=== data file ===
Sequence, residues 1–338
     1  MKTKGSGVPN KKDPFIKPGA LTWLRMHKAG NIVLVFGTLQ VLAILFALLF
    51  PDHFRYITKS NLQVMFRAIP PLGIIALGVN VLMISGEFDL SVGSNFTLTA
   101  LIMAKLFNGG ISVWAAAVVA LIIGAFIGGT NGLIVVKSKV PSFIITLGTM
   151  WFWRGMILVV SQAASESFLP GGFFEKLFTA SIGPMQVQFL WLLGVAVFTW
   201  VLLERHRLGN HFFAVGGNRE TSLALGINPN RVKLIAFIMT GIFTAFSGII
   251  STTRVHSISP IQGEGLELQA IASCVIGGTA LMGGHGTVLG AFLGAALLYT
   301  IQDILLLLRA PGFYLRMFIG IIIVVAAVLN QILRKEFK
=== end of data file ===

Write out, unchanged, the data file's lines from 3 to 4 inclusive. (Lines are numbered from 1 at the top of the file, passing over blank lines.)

    51  PDHFRYITKS NLQVMFRAIP PLGIIALGVN VLMISGEFDL SVGSNFTLTA
   101  LIMAKLFNGG ISVWAAAVVA LIIGAFIGGT NGLIVVKSKV PSFIITLGTM